By John J. Puccio
This addition of “The French Album” to his discography is a perfect example of his technique. It includes music by Faure, Debussy, Rameau, Chabrier, and Ravel, all of it done up in as gentle yet as passionate a style as one could want. Here’s a rundown of the disc’s contents:
Gabriel Faure (1845–1924)
Claude Debussy (1862–1918)
2. Les collines d’Anacapri
3. La terrasse des audiences du clair de lune
4. Clair de lune
5. Ce qu’a vu le vent d’Ouest
7. La Cathedrale engloutie
8. Feux d’artifice
9. Feuilles mortes
Jean-Philippe Rameau (1683–1764)
10. Les Tricotets
11. Menuets I & 2
Emmanuel Chabrier (1841–1894)
14. La Puerta del Vino
15. La soirée dans Grenade
Maurice Ravel (1875–1937)
16. Alborada del gracioso
17. Pavane pour une infante défunte
Among the things I’ve written about Osorio in the past apply here. So, to quote myself, he plays with beauty and charm, a delicate touch, and a genuine grace, with expressive, nuanced singing in his piano playing. He is a richly expressive piano virtuoso of international fame, and in my experience has never demonstrated anything but sensitive, immaculate, committed, passionate playing, a most-refined pianist whose best work comes in expressively lyrical passages. In “The French Album” he finds amply opportunity to demonstrate all of those talents, particularly in the “expressively lyrical” material, which comes in abundance from the French masters.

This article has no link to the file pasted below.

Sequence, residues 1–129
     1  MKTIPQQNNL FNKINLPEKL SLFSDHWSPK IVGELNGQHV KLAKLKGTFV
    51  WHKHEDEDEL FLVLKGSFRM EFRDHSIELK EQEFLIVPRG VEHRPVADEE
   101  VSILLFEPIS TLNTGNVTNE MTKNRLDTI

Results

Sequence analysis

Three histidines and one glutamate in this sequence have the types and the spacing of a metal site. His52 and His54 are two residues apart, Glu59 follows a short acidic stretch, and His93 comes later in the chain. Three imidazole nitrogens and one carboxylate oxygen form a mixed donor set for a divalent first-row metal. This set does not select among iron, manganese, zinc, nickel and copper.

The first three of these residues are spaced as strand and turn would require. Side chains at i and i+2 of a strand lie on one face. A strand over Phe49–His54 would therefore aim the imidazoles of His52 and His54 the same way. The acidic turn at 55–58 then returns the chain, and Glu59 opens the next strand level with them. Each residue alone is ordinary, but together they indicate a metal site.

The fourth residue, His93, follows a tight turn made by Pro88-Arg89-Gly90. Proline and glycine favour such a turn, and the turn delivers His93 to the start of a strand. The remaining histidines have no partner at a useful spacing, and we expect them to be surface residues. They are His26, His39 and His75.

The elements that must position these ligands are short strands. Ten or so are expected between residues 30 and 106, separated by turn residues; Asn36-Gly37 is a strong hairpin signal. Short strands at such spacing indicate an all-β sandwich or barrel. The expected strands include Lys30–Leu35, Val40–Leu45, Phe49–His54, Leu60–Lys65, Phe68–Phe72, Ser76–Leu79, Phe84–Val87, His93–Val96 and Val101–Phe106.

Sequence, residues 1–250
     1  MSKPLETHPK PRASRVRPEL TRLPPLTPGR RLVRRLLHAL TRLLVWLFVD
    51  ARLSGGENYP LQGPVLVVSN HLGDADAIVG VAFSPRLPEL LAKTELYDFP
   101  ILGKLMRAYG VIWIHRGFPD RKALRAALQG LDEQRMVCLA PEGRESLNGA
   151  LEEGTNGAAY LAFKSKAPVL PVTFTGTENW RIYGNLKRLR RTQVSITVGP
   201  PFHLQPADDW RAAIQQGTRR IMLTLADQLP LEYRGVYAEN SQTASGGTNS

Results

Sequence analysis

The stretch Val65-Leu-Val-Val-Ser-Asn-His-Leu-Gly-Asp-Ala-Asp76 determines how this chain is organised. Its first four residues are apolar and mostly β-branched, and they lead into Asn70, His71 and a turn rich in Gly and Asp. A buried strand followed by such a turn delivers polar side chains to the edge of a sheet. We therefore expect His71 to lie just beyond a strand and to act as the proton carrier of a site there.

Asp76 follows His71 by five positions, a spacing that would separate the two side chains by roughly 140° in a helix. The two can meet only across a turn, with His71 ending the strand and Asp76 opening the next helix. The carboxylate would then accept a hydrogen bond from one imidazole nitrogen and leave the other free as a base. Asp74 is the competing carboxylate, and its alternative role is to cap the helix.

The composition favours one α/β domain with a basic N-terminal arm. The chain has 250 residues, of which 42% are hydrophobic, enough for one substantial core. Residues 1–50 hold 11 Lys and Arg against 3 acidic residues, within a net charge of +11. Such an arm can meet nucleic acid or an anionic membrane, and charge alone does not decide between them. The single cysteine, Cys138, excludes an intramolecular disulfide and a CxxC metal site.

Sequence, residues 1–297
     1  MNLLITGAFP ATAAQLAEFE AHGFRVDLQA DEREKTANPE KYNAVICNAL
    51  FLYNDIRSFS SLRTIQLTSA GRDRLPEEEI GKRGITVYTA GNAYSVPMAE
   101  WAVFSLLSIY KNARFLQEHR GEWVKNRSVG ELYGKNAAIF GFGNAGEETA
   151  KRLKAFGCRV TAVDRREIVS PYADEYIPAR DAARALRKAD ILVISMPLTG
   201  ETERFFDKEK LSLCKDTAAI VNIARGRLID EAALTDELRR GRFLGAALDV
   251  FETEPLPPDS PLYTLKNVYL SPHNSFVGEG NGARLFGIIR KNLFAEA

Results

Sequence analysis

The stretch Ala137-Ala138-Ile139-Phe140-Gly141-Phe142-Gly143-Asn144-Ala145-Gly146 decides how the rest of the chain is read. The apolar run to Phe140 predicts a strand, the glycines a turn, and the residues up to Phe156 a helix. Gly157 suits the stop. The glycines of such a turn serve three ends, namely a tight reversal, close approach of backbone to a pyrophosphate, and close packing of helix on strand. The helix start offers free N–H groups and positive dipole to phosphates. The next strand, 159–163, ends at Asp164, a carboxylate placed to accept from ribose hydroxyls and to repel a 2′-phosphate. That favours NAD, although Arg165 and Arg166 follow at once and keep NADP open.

The Debussy items dominate the album. Osorio gives them a free expression. I read the other day someone expressing the opinion that Debussy ushered in the modern age of classical music, and you’ll get no argument from me. With Debussy’s brilliant tone colors, expressionistic and impressionistic in style, lush and subtle at the same time, he certainly created a new musical world. Osorio exploits this new world superbly, his tone colors nuanced and unmistakable, his touch as delicate as the occasion demands. This is playing one can feel, and it feels good.
As I said at the beginning, there are flashier pianists than Osorio, but there are none finer. In this album of French music, he is in his element. If I were forced to pick a favorite selection, it might be Chabrier’s Habanera, not just because it’s beautiful music, but because it is Spanish-influenced music in the French manner, wonderfully executed by Osorio, who combines the best of both worlds.
Producer James Ginsburg and Cedille’s ace engineer Bill Maylone recorded the music in the Reva and David Logan Center for the Arts at the University of Chicago in January 2020. The sound is gorgeous: not too sharp or bright; not too dull or soft. It simply sounds like a real piano in a real hall setting, with just the right amount of ambient bloom, room acoustics, and lifelike detail to bring it to life.
To listen to a brief excerpt from this album, click below: